Less commonly but still occurs:

1 – bladder stones may block the outflow of the bladder to the urethra. They may move at times acting like a “stop cock” and only temporarily block the outflow although if small enough they may become lodged in the urethra as described above.

2 – bladder tumors do occur in older cats although they are not common.  These may become large enough to block the flow of urine out of the baldder.

3 – neurogenic issues – damage to the nerves that control the emptying of the bladder can lead to patients being unable to void normally.

Not all obstructions are “total” – in some cases a bit of urine is still passing.  Any male cat with crystals present in the urine is at great risk of potentially becoming ‘blocked” until those crystals are dissolved or passed out in the urine.  The treatment for these cases will be based on the individual patient and a discussion with your veterinarian.  Pain medication, muscle relaxants and if indicated, antibiotics, may be prescribed. All of these cats though will need to be on a veterinary diet to dissolve any struvite crystals that are present and to limit the further formation of struvite or calcium oxalate crystals.  It is important to realize that there is no grocery store or pet food store diet that will do this.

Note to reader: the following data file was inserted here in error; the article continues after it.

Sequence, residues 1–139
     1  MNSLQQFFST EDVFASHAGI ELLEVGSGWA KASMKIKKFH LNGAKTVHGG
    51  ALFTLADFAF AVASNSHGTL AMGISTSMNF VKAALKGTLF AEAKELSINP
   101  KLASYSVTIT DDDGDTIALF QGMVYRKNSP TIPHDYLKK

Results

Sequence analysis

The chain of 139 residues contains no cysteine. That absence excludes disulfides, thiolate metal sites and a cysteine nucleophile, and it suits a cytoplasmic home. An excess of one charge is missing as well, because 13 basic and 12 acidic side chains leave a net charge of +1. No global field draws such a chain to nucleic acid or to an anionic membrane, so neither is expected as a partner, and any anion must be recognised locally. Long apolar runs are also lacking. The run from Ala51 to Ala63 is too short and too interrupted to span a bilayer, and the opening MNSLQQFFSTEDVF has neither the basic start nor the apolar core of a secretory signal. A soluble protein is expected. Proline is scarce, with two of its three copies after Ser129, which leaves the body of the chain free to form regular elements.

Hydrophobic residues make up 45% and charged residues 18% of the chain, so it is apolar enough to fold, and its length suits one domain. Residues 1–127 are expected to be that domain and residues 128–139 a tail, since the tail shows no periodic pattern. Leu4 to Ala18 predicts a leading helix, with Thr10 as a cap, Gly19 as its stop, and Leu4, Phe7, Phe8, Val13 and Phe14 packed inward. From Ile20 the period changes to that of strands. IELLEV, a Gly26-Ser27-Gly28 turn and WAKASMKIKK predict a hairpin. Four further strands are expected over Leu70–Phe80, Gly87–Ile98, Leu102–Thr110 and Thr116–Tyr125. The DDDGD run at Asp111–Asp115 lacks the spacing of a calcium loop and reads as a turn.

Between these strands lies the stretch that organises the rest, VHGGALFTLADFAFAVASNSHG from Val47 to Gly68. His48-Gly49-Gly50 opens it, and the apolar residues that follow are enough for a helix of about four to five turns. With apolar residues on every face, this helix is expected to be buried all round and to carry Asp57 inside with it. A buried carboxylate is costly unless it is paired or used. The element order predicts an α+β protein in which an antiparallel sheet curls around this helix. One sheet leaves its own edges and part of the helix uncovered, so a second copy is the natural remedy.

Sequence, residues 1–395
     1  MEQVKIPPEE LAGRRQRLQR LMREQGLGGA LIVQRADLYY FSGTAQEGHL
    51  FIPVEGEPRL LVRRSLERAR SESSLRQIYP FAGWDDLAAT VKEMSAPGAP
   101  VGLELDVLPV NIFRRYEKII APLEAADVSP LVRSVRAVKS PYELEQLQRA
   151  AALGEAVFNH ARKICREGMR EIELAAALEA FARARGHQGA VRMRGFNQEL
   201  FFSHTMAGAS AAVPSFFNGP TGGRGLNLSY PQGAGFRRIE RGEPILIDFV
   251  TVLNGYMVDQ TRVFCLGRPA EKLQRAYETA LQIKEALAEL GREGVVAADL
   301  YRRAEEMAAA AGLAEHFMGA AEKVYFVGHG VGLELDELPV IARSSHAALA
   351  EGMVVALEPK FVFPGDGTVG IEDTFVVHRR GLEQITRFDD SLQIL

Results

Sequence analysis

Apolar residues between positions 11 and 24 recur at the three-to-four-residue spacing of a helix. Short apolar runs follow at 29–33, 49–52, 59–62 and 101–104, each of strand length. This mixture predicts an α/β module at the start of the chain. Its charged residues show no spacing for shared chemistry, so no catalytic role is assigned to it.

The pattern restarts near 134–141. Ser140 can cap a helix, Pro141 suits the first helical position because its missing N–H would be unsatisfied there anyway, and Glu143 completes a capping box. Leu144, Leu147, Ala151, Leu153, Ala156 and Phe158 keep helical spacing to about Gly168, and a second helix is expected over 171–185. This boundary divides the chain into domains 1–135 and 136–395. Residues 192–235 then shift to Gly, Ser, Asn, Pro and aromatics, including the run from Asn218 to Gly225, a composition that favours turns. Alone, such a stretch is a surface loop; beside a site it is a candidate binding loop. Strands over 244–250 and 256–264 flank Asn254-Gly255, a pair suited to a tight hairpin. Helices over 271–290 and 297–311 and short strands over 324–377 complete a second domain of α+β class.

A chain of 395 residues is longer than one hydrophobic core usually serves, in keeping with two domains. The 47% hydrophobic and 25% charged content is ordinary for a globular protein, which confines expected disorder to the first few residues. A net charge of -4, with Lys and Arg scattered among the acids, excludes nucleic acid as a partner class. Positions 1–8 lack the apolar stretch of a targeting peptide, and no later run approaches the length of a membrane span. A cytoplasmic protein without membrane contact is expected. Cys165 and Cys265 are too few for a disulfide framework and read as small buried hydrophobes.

Your veterinarian will want to perform a urinalysis and ideally take screening xrays for stones or other abnormalities.  Please be aware, crystals and stones may be present but may not be seen on the urinalysis, this is why screening xrays are very helpful. Mineralization in the kidneys, ureters and/or bladder may be seen on screening xrays.

Crystals will tend to ‘settle’ to the lowest point of the bladder and may not be floating freely in the urine when the sample is collected.  I have seen it happen before, to myself and to numerous other veterinarians who get one sample with no crystals present and then a later sample where they are present in large numbers. This is why your veterinarian will likely recommend the special diet for your cat even if crystals were not seen, especially if a male cat.  

With the development of antibiotic resistance it is very important to perform that urinalysis to ensure that if an infection is present antibiotics are dispensed versus dispensing them without having diagnosed the presence of an infection.